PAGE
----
Tom van der Valk

DDLS Fellow, Swedish Museum of Natural History

Key publications

Von Seth J, Dussex N, Díez-del-Molino D, van der Valk T, Kutschera V, Kierczak M, Steiner C, Liu S, Gilbert T, Sinding M, Prost S, Guschanski K, Nathan S, Brace S, Chan Y, Wheat C, Skoglund P, Ryder O, Goossens B, Götherström A, Dalén L. Genomic insights into the conservation status of the world’s last remaining Sumatran rhinoceros populations. (2021) Nature communications

van der Valk T, Pečnerová P, Díez-del-Molino D, Bergström A, Oppenheimer J, Hartmann S, Xenikoudakis G, Thomas J, Dehasque M, Sağlıcan E, Rabia Fidan F, Barnes I, Liu S, Somel M, Heintzman P, Nikolskiy P, Shapiro B, Skoglund P, Hofreiter M, Lister A, Götherström A, Dalén L. Million-year-old DNA sheds light on the genomic history of mammoths. (2021) Nature

Brealey J, Leitão H, van der Valk T, Xu W, Bougiouri K, Dalén L, Guschanski K. Dental calculus as a tool to study the evolution of the mammalian oral microbiome. (2020) Molecular biology and evolution

van der Valk T, Gonda C, Detwiler K, Guschanski K. The genome of the critically endangered dryas (Cercopithecus dryas) monkey provides new insights into the evolutionary history of the vervets (Chlorocebus). (2019) Molecular biology and evolution

van der Valk T, Díez-del-Molino D, Margues-Bonet T, Guschanski K, Dalén L. Historical genomes reveal the genomic consequences of recent population decline in eastern gorillas. (2018) Current biology

Hooper R, Brealey J, van der Valk T, Alberi A, Durban J, Fearnback H, Robertson K, Baird R, Hanson B, Wade P, Gilbert T, Morin P, Wolf J, Foote A, Guschanski K. (2018). Host-derived population genomics data provides insights into bacterial and diatom composition of the killer whale skin. (2018) Molecular Ecology

Tom van der Valk

Research interests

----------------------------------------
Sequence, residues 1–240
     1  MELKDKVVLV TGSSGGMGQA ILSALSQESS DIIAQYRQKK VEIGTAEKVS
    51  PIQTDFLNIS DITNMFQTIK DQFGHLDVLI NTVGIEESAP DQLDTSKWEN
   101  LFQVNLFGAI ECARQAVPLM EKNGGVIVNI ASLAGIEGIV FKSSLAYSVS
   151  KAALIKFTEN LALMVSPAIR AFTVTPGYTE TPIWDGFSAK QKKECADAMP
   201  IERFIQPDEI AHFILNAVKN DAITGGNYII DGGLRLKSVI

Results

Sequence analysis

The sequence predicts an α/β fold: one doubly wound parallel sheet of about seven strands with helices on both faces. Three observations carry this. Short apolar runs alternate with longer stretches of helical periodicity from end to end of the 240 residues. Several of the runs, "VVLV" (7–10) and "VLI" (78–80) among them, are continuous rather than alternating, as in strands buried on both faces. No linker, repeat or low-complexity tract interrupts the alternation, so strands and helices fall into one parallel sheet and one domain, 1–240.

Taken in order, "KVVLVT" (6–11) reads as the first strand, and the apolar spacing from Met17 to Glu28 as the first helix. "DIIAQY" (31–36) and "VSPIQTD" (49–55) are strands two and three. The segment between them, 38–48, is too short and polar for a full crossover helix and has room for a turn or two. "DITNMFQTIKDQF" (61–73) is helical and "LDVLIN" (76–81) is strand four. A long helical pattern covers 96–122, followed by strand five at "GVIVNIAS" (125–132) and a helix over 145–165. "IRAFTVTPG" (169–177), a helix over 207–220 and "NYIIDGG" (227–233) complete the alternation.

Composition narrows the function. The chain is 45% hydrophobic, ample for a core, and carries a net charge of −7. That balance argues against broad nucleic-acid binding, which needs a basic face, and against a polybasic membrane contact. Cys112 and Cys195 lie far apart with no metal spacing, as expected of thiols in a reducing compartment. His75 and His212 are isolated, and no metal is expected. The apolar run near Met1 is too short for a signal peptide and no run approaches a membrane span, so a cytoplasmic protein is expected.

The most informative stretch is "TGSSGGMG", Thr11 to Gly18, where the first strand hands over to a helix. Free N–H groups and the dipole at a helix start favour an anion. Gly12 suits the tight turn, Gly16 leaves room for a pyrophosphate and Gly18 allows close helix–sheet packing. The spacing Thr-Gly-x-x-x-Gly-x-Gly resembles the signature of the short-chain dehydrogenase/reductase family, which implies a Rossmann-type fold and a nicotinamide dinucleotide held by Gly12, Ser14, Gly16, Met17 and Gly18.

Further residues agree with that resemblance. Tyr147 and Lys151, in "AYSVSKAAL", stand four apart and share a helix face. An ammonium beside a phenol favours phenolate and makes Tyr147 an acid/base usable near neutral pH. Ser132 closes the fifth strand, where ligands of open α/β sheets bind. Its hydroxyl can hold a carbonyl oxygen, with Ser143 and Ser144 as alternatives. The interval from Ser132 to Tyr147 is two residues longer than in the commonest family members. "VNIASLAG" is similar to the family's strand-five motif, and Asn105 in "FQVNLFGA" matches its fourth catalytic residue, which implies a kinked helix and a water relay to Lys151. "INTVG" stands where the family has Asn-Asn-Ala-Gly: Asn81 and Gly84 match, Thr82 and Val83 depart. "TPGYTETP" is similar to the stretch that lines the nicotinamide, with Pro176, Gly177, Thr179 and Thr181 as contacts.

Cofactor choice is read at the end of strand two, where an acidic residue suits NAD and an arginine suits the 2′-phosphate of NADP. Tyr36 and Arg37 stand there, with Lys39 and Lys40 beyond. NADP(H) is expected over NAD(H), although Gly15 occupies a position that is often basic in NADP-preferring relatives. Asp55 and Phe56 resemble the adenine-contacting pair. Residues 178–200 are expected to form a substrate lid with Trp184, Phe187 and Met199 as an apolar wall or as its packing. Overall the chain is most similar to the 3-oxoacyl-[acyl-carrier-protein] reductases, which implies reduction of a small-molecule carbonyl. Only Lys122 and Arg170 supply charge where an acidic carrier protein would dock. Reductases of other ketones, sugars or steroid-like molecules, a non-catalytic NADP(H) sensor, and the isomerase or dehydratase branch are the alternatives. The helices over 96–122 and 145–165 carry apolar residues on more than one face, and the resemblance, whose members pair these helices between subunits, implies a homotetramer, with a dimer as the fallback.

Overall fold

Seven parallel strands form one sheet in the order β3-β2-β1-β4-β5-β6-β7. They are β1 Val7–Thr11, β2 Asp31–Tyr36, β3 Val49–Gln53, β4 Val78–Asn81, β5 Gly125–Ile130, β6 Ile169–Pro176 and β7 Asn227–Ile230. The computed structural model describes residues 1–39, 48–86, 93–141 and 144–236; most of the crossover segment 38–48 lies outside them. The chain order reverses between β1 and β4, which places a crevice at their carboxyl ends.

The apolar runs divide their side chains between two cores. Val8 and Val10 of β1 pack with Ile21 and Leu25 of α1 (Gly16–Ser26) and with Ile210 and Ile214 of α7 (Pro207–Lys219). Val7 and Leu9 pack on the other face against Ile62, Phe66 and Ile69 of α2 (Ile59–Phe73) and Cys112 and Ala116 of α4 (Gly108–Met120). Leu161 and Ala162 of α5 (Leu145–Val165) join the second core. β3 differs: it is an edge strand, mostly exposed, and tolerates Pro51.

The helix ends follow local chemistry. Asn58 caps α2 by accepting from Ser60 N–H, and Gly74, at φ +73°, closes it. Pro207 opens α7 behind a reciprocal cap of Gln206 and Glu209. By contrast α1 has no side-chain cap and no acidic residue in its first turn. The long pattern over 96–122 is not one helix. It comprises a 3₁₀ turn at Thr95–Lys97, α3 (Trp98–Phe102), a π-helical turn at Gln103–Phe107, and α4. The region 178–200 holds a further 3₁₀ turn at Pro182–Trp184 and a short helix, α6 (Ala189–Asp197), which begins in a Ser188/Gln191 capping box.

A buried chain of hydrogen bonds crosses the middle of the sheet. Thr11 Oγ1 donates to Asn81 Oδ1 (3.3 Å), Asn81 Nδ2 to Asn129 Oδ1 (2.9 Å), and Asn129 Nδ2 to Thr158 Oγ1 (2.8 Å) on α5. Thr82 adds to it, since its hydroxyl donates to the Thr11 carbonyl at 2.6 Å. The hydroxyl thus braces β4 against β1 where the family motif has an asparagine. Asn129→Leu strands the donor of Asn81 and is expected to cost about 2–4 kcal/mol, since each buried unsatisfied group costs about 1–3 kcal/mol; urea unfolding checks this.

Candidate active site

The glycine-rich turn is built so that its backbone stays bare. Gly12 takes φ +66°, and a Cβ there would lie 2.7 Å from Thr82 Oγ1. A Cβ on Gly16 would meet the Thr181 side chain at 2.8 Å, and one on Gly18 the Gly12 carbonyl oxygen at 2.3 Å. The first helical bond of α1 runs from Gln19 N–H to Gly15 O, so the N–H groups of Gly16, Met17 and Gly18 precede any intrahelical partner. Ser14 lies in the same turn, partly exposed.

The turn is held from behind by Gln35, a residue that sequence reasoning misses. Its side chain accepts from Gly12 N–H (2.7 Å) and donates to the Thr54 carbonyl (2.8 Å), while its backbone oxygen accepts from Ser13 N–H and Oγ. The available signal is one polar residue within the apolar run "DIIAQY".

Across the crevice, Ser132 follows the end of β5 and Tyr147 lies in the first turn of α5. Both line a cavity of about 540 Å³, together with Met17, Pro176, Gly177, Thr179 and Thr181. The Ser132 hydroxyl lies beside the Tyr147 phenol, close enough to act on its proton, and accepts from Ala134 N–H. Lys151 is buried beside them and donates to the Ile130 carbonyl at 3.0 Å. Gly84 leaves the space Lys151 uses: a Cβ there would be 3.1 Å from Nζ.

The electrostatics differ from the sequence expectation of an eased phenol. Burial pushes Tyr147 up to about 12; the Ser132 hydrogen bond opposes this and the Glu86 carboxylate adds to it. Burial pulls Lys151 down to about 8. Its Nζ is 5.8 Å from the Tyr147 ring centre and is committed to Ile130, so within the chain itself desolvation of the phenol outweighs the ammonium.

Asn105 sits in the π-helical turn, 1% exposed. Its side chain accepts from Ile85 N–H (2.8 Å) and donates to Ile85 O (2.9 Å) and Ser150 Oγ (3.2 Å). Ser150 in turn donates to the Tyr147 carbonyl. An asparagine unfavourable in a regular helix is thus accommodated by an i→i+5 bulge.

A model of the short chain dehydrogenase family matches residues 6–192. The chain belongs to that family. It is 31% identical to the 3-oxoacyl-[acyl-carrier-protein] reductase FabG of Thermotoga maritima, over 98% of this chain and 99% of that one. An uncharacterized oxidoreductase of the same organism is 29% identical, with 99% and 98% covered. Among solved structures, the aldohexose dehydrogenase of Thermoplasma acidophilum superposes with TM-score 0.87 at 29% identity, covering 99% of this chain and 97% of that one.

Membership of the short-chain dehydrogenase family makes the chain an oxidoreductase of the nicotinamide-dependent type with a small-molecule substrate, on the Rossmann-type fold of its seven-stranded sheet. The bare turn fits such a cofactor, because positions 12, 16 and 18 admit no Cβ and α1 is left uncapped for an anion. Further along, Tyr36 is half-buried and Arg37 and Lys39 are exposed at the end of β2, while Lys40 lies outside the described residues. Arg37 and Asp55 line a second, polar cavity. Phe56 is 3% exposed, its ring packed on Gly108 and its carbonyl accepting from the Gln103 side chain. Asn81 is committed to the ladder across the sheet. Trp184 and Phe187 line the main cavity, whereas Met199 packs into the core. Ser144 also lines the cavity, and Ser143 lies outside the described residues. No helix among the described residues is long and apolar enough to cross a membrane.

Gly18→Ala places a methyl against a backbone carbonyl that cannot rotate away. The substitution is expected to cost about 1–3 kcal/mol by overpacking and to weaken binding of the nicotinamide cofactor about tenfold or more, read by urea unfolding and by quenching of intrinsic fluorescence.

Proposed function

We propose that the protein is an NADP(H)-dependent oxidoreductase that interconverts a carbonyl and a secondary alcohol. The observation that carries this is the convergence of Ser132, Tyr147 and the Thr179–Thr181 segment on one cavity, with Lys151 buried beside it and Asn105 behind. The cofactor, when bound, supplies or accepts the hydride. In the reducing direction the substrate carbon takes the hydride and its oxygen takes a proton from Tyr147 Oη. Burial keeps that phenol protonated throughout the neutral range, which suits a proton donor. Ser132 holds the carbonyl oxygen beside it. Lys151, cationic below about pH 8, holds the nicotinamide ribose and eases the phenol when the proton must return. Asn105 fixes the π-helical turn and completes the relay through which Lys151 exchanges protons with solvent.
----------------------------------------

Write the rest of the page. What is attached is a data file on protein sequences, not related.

Just a few grams of a of lake water, sediments or soil can harbour the genetic information of thousands of organisms. The wealth of data contained in these samples can theoretically be utilised for a wide range of applications, including large-scale biodiversity monitoring, species detection or individual tracking through space and time. The research community has traditionally focused on analysing such samples by looking at very small stretches of DNA that are unique for a focal set of species (metabarcoding). Such methods analyse a minute fraction of the total DNA in the sample and thus the accuracy and sensitivity of metabarcoding methods are far below the theoretical possibilities.

Within the last decade, sequencing costs, high performance computer clusters and genome reference databases have improved by orders of magnitude. It is now financially feasible to sequence nearly all of the DNA within a sample. Together with the rapidly expanding databases, my research aims to leverage most of the information contained within such samples by developing algorithms that can efficiently classify DNA to their species origin and use these algorithms to analyse different sample types, including ancient sediments to look at the presence and distribution of animals and plants over time.


Last updated: 2024-07-03

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